The point is not to rail on VO2max or vVO2max. It’s to point out a way of thinking. You see, as coaches, scientist, and endurance athletes, we have a long history with the VO2max test. And there’s something to be said for that, as it allows comparison from a big data base of historical tests, which gives us some good information in its own right. But because of this long history it creates this sense or need to justify why we do it and continue to perform it. Yes, it has some inherent value, but as our understanding has shifted, that value has shifted to.

And recently, in scientific works, I’ve heard it justified so many times by talking about the vVO2max value. To me that represents adding a nice complex sciency sounding name to a really simple concept. vVO2max is no different than a time trial or a workout to exhaustion. It’s not any more special than doing mile repeats and seeing who runs the fastest the last rep. That probably gives you more, and better, information than a vVo2max test.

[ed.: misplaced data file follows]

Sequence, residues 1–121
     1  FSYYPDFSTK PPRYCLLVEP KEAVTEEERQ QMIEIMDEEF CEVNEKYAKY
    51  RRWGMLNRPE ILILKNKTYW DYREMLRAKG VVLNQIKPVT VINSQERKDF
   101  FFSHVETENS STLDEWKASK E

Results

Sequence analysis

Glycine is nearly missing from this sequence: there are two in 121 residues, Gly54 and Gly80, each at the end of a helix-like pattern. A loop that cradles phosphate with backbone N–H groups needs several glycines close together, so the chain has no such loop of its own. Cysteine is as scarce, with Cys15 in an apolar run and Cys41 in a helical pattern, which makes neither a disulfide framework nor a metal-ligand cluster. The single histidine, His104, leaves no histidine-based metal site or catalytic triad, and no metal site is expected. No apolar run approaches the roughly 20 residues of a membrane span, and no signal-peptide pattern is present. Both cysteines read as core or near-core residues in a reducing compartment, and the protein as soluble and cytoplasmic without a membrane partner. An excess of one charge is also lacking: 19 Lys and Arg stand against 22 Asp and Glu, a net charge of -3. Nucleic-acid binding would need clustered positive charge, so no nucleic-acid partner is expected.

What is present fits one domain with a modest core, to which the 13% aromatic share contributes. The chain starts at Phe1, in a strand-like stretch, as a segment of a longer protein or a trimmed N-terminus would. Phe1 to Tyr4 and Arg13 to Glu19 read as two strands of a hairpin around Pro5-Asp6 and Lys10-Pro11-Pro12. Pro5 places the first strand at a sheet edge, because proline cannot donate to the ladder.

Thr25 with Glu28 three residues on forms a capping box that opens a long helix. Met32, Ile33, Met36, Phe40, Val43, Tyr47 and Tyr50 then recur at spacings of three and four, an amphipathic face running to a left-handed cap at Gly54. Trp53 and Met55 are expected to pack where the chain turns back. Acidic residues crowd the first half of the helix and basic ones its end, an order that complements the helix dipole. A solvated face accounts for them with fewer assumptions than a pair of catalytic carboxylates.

So I’ll end my rant here with saying there are lessons in understanding why we still use certain concepts, the history of those concepts, and the shifting emphasis in them. Instead of accepting something because it sounds right, take a step back and ask what is that concept really doing?

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    1. John Heenan on March 20, 2015 at 9:57 pm

      No need to rant. You have stated in a link VO2max is not altered by training. Hence VO2max is about as relevant as any other physiological constant (such as height) to coaching and training. Why not move on.

      Also VO2max is not a concept. It is a measurement made under well defined conditions.